I hope I don’t scare you more, when I say racer snakes and giant centipedes also live in Gomantong Caves. Well, freaks just like to live together.
A least-known feature of Gomantong Cave is its bat swarm during dusk, when 2 millions bats fly out of the caves to start their day. Though the scale is not as spectacular as Mulu in Sarawak, the show is still quite a treat.
Just wait outside the cave around 5:30pm (they may not come out in rainy day). I saw wave after wave of bat swarms flying across the sky. If you want to see bat swarm up-close, the best spot is Sumid Putih Cave, where millions of bats flying just next to you, swarm after swarm.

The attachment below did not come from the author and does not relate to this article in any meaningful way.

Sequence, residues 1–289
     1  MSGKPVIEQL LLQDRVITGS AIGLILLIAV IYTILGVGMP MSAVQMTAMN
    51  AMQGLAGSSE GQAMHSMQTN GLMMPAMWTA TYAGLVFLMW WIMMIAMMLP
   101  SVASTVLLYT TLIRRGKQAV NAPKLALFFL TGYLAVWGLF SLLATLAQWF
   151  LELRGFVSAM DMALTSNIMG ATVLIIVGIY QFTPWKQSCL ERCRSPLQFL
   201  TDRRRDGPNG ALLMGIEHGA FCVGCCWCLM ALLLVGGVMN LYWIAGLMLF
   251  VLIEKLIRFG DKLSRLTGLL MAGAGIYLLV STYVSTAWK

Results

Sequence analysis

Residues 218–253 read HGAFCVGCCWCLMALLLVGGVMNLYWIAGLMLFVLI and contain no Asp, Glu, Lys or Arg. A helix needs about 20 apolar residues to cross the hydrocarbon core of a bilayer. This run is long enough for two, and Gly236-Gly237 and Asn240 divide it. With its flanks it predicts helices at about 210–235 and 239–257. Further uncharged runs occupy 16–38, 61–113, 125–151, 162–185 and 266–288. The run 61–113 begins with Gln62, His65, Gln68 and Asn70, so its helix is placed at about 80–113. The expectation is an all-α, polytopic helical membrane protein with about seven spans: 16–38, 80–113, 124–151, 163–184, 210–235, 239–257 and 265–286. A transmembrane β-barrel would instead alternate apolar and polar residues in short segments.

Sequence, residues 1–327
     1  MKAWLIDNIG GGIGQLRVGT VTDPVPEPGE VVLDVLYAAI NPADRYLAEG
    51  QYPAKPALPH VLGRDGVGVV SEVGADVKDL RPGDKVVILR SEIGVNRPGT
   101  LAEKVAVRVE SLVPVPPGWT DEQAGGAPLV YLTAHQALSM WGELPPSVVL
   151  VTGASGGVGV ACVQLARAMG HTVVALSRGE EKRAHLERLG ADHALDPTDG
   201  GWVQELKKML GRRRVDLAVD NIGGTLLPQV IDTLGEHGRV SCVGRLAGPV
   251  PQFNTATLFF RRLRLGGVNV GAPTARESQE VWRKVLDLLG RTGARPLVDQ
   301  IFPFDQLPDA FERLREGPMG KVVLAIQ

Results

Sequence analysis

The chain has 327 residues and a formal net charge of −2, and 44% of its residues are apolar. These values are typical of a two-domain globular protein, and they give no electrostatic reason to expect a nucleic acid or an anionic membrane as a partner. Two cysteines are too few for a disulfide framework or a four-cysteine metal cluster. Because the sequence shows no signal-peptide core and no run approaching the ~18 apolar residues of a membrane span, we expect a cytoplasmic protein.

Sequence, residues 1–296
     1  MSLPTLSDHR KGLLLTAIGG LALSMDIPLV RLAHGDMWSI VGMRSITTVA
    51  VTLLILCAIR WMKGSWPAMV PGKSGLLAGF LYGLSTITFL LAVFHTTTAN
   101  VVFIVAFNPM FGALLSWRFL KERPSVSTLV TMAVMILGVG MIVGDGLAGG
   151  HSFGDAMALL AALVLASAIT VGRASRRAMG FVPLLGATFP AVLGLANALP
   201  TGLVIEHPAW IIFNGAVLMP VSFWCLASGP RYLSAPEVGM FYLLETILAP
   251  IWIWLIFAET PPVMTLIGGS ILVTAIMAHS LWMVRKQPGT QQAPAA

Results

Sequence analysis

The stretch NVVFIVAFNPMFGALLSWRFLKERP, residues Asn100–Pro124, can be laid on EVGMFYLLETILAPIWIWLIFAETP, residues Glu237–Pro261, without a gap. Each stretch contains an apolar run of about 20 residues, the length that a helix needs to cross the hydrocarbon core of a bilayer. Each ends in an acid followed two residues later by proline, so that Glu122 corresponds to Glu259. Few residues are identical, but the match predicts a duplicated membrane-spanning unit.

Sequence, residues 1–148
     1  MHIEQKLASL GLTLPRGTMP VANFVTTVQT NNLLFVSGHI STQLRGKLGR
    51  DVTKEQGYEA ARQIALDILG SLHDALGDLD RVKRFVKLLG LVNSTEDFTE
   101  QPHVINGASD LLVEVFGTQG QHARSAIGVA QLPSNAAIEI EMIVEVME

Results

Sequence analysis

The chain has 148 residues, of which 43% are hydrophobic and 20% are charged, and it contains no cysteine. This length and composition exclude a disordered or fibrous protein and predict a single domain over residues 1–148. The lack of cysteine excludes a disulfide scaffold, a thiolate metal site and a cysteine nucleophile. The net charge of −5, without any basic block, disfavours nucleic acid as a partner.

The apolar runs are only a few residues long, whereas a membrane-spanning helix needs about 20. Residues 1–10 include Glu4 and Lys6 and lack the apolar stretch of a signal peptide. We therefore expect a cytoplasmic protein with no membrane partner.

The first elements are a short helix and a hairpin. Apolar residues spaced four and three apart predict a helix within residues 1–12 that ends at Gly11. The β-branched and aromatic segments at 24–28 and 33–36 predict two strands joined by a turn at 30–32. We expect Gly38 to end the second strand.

I was not the only one waiting for the bats. Their predators also know this. When the bat swarm starts, a few Bat Hawks will prey on the bats. Other raptors such as Wallace’s Hawk Eagle and Crested Serpent Eagle also join the hunt. Many birdwatchers come to Gomantong for this action scene, after they see other birds such as kingfishers, leafbirds and flycatchers in forest nearby.
Gomantong Caves is a public park and very accessible. You only need to drive 1.5 hours from Sandakan to there on a paved road. The only problem is there is no bus going there. If you don’t want to hire a taxi or tour guide, you can rent a car and go there. Below is the location map:
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Photos taken in Sandakan, Sabah, Malaysia Borneo